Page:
In 1887, John Bartholomew's Gazetteer of the British Isles described Durham like this:
Durham, capital of the co., parliamentary and municipal bor., episcopal city, and market town, 12 miles S. of Newcastle, 60 N. of York, and 256 N. of London by rail -- parl. bor., 967 ac., pop. 15,372; mun. bor., 880 ac., pop. 14,932; 2 Banks, 2 newspapers. Market-day, Sat. Durl am is situated on a rocky eminence ("Dunholme," "Duresme," "Durham,") nearly surrounded by the river Wear. It dates from the 10th century, when the monks of Lindisfarne, after the ravaging of Holy Island by the Danes, rested there with the body of St Cuthbert, and built a chapel for its reception. ...
The present cathedral dates from 1093. The castle, said to have been erected by William the Conqueror, became the chief residence of the bishops of Durham; it is now appropriated to the uses of the university. The university, founded by Cromwell in 1646, and dissolved after the Restoration, was re-established by Act of Parliament in 1833. Besides the university, the educational institutions comprise a grammar-school founded by Henry VIII., a diocesan training-school for schoolmistresses, blue-coat, and other schools. The only industries of any importance are a carpet factory, and a large mill for the mfr. of "Durham mustard." In the vicinity are coal. mines. Butler (1692-1752), author of The Analogy, was bishop. The bor. returns 1 member to Parliament.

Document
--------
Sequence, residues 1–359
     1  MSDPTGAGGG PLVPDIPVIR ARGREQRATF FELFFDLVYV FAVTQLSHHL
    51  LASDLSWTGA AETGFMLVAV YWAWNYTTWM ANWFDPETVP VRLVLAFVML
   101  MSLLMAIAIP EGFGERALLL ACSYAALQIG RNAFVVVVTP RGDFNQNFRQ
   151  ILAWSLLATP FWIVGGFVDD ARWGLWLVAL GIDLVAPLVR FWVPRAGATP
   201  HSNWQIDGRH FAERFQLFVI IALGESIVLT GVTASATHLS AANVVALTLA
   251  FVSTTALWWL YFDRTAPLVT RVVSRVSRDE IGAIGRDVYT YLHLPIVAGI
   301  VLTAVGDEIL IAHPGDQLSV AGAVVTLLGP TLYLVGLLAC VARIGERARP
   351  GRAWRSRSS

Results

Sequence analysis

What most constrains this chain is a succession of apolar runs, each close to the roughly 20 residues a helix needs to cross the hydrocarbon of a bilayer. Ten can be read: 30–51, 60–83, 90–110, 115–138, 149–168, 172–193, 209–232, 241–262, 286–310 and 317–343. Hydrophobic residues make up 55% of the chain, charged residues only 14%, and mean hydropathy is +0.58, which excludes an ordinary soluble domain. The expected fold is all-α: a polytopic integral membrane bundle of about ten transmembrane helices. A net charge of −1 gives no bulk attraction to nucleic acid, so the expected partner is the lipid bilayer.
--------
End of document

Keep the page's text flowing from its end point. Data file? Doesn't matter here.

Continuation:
A Vision of Britain through Time includes a large library of local statistics for administrative units. For the best overall sense of how the area containing Durham has changed, please see our redistricted information for the modern district of Durham. More detailed statistical data are available under Units and statistics, which includes both administrative units covering Durham and units named after it.
GB Historical GIS / University of Portsmouth, History of Durham in County Durham | Map and description, A Vision of Britain through Time.
Date accessed: 19th June 2013
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